The number of start-up programmes in the UK has risen more than 110% in three years, lending further support to a new batch of successful British startups.
A report commissioned by O2, the first to comprehensively examine the UK incubator and accelerator market, suggests that start-ups that participate in more formal support programmes are more likely to survive than those that don’t.
Incubated and accelerated start-ups are more likely to secure significant financial investment, an average of more than £68,000 once they’ve graduated, the report found. Such start-ups gain more than financial backing. The support and guidance they receive gives them an edge over their competition.
Of those programmes able to quantify the number of start-ups still operating, the survival rate for start-ups reaches almost 92 per cent, compared to a two-year survival rate of 75.6 per cent for all small businesses
The O2 report revealed a 110 per cent rise in the number of formal programmes operating over the past three years, with some 59 programmes supporting more than 1,100 start-ups in 2014 alone. Such rapid growth has stemmed from several sources.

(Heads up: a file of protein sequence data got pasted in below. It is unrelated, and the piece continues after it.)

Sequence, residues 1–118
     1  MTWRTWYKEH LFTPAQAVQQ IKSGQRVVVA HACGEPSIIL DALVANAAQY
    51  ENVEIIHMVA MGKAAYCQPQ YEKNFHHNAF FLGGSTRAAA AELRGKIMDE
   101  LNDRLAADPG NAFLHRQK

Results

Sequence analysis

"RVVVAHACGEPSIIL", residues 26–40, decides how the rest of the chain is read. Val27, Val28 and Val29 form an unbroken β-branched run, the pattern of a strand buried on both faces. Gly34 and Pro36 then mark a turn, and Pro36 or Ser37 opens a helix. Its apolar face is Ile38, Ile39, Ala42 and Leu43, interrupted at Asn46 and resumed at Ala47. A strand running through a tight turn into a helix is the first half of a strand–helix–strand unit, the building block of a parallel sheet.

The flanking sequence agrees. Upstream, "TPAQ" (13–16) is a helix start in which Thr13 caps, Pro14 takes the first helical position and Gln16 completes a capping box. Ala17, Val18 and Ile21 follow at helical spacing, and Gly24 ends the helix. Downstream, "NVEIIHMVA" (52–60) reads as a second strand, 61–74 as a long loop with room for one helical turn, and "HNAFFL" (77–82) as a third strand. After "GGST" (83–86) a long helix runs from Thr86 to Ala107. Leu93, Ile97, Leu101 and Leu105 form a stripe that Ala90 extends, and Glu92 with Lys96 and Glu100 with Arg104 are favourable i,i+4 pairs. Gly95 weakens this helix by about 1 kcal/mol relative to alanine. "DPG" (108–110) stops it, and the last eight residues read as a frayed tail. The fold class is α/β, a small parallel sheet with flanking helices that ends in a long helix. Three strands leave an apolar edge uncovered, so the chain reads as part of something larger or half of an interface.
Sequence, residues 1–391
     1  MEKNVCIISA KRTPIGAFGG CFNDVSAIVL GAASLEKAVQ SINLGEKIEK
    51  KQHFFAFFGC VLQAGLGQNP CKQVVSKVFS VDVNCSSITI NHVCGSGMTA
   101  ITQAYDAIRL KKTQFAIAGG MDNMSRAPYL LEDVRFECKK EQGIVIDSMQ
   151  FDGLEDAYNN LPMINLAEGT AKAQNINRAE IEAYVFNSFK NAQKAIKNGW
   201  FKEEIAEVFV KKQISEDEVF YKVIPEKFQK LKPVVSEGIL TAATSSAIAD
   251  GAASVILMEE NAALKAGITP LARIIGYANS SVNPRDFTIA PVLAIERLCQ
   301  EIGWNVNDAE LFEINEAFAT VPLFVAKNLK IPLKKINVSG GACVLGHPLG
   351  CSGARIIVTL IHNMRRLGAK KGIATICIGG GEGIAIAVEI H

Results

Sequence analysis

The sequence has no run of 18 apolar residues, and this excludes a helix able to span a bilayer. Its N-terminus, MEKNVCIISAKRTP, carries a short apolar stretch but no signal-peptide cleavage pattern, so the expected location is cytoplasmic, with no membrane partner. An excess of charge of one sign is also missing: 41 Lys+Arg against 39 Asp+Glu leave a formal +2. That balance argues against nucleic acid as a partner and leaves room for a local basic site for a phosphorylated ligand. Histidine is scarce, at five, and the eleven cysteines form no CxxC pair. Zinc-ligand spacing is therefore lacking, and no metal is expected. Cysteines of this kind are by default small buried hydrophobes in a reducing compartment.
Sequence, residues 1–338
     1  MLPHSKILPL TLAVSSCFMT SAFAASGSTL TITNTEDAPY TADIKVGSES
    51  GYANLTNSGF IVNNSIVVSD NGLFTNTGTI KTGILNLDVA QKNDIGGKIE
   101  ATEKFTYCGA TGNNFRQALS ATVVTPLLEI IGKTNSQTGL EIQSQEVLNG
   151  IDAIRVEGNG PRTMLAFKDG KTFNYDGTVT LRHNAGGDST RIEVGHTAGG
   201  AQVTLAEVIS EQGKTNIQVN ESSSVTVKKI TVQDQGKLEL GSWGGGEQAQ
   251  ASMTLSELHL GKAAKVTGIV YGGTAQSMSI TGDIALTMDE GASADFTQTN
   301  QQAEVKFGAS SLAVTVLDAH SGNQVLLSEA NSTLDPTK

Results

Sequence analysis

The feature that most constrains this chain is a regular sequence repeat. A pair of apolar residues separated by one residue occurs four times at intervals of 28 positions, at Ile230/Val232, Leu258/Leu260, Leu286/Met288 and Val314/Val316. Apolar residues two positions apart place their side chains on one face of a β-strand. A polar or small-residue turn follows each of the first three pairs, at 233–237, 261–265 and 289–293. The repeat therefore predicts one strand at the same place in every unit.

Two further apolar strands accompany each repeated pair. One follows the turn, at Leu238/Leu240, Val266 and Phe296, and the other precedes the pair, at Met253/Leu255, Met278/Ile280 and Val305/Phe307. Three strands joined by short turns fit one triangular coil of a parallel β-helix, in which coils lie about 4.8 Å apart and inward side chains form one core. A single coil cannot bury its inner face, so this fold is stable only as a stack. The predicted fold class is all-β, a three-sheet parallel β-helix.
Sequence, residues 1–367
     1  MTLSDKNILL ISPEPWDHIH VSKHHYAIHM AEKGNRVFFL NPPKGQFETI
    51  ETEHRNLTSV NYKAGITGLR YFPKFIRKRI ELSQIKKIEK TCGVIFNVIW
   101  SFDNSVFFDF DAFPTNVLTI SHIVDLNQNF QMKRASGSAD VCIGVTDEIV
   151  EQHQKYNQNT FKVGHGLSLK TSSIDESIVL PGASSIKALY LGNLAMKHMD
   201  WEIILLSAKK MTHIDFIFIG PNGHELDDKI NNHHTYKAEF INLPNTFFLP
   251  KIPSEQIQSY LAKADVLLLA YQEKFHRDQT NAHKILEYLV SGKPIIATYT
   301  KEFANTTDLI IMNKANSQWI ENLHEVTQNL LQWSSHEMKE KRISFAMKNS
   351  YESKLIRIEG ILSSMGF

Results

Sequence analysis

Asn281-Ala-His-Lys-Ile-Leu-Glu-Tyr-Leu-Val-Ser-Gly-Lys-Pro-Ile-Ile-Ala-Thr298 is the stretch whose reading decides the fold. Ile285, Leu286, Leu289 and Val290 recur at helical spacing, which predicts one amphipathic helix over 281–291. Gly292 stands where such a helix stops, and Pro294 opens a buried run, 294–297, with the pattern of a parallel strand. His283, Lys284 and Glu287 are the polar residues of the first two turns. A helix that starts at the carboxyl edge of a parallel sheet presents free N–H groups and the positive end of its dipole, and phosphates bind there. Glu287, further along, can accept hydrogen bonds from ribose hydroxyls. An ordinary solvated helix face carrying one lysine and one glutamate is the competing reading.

Over 40 per cent of all the start-up programmes in the UK are currently privately run, with a third of these receiving backing from public sector organisations. A further 12 per cent are owned by large corporate enterprises, with Telefónica, John Lewis, Barclays and Distill Ventures (Diageo) all launching their own programmes, while another 25 per cent are affiliated to educational organisations such as Universities or Business Schools.
This rapid rise of incubators and accelerators has put the UK ahead of its European counterparts when it comes to the number of programmes available for start-ups. However there remains a stubborn regional divide, with almost two thirds (61 per cent) of such programmes based in the capital – ten times more than the number outside it.
Wales and Northern Ireland have a number of dynamic new co-working spaces or business centres, but they are relatively underserved by accelerators or incubators.
However larger cities in North England and Scotland, such as Birmingham and Edinburgh, are demonstrating promising growth as accelerator and incubator hubs. Both have doubled the number of programmes operating in the past two years to four and three respectively.
“The rise in UK start-up programmes creates a unique opportunity for the entrepreneurs, but only if businesses and the Government take responsibility for investing in these programmes to ensure they offer long-term, quality support,” said Feilim Mackle, O2’s sales & service director and O2 Board sponsor for Wayra in the UK. “A loss in momentum could see some of the UK’s best entrepreneurial talent go to waste.”